Abels: There are a couple of answers there. One is that for the sound design, Jordan brought on Johnnie Burn, the sound designer, extremely early on. I think he called Johnny the same day, he called me, or maybe even earlier, because he knew how crucial the sound of Jean Jacket and that part of the world of the script was going to be. I had even more interaction with the sound designer on this project than any other I’ve ever worked on, for Jordan or anyone else, because it was important to hear how the sound of Jean Jacket was evolving and how not just the sound of Jean Jacket itself, but the sound of the valley that OJ and Em live when they’re first hearing something that they’re not sure what it is. They hear Jean Jacket really before they see it. That’s a super important part of the story of the film, as it reveals itself and what it’s about.

Also, yes, even though I haven’t heard what the sound designer is going to do, I am starting with ideas of my own for different parts of the film and the different genres that this film touches on and belongs to, in certain ways, were each an entry point for me, musically. Just like the piece that Jordan wrote the script to was one entry point for some of the action-adventure music, I had an entry point of the Western music and the Haywood ranch music and the horror, all those things were things that I started working on separately, as we figured out exactly where the film was gonna lie in between all those different genres.

BTL: I particularly love the “Jupiter’s Claim” theme, since it’s perfect for those John Ford-type movies. You hear that cue and you immediately know what you’re going for.

Abels: Great, great — thank you.

BTL: The three most important things for me when it comes to a genre or horror film are the production design, the sound design, and the music — and those three things often can make or break a genre movie for me. 

Abels: I think that’s a really wise assessment, although I don’t know if most people realize how important those things are.

BTL:  No, I just watch a lot of movies as a film critic over the years. I listened to the Us score again and that seems to be more piano and MIDI, as well as some vocal stuff, but for Nope, you went full orchestra almost from beginning to end. That goes back to the old Hollywood thing that kind of permeates Nope. Do you generally write stuff on piano or computer before recording with an orchestra?

Abels: Well, all the strings are live in Us, and there’s a lot of string writing. All the vocals are live, but there’s also a lot of sound design and virtual instruments. In Nope, yes, there’s a definite need to harken back to old Hollywood. There’s a cue called “Brother and Sister Walk,” where [it’s] all woodwinds, and it really has an old-school feel, and that’s deliberate. When you see OJ and Em walking along the ridge on their property, and you see that you’re in this big California Valley, you’re meant to feel all of those old Western films. Then, in the more epic adventure sections, it’s the brass section. There’s a giant film score brass section in this film, and it’s not like it’s not in earlier cues, but you really hear it in the last act of the film, where that’s their job to give you that sense of, “Okay. This is an epic adventure.” The score needs to feel just as big as that IMAX theater that you watch it in. The score can’t fail to deliver the bigness of that whole experience. Jordan knew that going in, and it was a huge opportunity for me to just be able to say it’s never going to be too big in the Nope score when the time comes. When you get to the Jean Jacket in the valley and OJ, that’s the big battle.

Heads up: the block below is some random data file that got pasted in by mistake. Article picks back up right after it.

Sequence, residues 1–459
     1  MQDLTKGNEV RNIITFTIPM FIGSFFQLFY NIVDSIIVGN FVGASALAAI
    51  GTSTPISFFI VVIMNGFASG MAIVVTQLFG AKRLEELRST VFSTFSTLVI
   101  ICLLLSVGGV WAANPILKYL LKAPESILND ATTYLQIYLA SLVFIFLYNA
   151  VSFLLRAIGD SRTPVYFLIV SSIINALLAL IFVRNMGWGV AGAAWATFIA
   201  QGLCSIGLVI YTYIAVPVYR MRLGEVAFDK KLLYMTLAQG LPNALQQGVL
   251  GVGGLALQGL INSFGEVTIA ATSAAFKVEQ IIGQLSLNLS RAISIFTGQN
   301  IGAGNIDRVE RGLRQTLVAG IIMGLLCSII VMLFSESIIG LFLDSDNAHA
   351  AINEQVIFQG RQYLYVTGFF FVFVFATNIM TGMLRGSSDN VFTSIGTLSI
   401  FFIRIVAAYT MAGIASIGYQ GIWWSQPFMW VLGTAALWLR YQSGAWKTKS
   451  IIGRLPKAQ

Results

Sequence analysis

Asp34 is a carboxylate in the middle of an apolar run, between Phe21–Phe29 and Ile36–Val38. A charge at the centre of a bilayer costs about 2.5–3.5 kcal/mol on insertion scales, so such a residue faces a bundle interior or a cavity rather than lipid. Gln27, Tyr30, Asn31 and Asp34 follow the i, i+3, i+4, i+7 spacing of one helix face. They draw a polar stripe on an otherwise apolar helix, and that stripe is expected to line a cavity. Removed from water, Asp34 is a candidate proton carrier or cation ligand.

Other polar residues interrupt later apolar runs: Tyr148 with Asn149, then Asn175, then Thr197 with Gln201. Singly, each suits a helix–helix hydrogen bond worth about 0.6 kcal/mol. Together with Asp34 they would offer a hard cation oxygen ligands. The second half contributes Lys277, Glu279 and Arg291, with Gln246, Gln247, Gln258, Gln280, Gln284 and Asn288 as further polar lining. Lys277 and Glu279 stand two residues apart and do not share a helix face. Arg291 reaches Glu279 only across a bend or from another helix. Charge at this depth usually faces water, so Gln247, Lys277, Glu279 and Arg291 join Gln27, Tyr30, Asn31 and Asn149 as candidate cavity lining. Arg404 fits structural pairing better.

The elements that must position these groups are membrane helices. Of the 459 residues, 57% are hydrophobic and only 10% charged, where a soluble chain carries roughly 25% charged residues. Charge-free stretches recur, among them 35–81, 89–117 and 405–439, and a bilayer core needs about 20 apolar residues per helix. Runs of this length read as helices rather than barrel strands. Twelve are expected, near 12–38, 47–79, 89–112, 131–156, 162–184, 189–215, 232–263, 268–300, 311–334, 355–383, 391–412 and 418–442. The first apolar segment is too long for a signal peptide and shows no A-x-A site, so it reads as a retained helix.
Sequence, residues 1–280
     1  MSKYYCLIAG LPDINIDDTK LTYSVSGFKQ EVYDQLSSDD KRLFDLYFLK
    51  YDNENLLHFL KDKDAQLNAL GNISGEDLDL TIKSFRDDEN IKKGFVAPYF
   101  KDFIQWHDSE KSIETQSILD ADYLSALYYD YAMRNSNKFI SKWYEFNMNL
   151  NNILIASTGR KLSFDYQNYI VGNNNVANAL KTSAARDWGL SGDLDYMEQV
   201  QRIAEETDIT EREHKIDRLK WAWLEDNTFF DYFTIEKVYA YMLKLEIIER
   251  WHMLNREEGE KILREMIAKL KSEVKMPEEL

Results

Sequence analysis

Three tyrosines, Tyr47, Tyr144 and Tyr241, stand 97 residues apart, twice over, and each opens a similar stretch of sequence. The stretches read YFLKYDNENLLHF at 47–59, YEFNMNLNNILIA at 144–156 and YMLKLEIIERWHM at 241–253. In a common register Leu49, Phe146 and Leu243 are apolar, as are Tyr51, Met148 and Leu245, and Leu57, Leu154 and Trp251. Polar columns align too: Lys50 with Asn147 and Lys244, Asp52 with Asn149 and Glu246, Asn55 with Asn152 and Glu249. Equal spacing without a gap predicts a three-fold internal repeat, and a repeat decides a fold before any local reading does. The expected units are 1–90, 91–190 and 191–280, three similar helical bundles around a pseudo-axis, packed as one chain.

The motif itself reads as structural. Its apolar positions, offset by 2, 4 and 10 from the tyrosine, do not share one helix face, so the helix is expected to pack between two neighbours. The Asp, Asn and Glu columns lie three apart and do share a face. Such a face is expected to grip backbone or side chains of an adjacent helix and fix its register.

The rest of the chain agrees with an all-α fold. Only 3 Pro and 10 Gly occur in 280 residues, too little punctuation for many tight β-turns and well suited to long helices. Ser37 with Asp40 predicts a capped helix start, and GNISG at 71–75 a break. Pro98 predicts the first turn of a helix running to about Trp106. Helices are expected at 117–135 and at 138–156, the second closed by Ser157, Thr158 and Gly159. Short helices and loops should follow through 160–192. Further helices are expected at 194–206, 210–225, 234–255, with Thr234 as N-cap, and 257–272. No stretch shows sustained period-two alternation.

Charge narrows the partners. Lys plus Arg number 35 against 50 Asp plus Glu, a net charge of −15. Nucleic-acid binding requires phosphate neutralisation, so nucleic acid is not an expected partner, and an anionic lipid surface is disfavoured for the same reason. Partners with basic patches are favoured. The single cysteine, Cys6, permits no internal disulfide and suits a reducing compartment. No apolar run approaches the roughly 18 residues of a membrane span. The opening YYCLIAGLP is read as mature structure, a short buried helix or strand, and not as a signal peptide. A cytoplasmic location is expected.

Daniel Kaluuya in Nope/Universal Pictures

BTL: By the time you recorded the music for this, were you actually able to record in L.A. with California musicians, and were you able to do it with a full orchestra, or did you still have to do it in layered parts?

Abels: We were able to do full orchestra, which is very exciting. The musicians said it was only the second gig they had had, where they were allowed to all be together. I had the full string section and the full brass section and the winds all in one room, and that was great. We didn’t include the percussion, but it’s not that we couldn’t have. It’s that I like to have them bring like every toy in their garage when I do one of Jordan’s films. We used the emptiness of the soundstage to be able to fit way more instruments than you ever could. Even though I have it all notated, and there are things I know I want, there are things that it’s great to play with them and figure out what the sound is, especially for suspense and horror, where you’re looking for sounds.

Part of Jordan’s aesthetic is that horror comes from a natural world. So far, he hasn’t done something where it’s technology. It’s more about people and things that exist and breathe. To him, I think, that’s where the real terror lies, and so, the sounds that he appreciates are sounds that come from a natural world, even if you can’t tell what they are. And especially if you can’t tell what they are. That’s really scary to think that there’s something alive or nearby, and you don’t know what it is. That’s a real place of scariness. Any percussion sounds we can find that are really surprising and interesting, yet really played by people, are things I’m going to want to use.

BTL: How many drummers or percussionists did you have playing at once? There was at least one cue where it sounded like maybe three or four people, and I wasn’t sure if they did that at the same time or if you layered it.

Abels: There are three guys, and then there’s also sometimes I’ll use a virtual stem of percussion if it’s working, and there’s no need to record it live, I can also use that. Sometimes, there might have been up to five different tracks of percussion happening on something, maybe six, but not always. It depended on the vibe of the score. There’s even a track called “Preparing the Trap,” which is actually a kind of mellow cue, but at the same time, it also has a lot of different percussion layers or plucked instruments. I like to, not overriding, but giving each thing its sonic space, It’s a chance to really create some music that’s three-dimensional, even though it may be, overall, kind of mellow. It gives you a sense that you’re sonically reaching into something, and there’s something there, even though it’s quiet.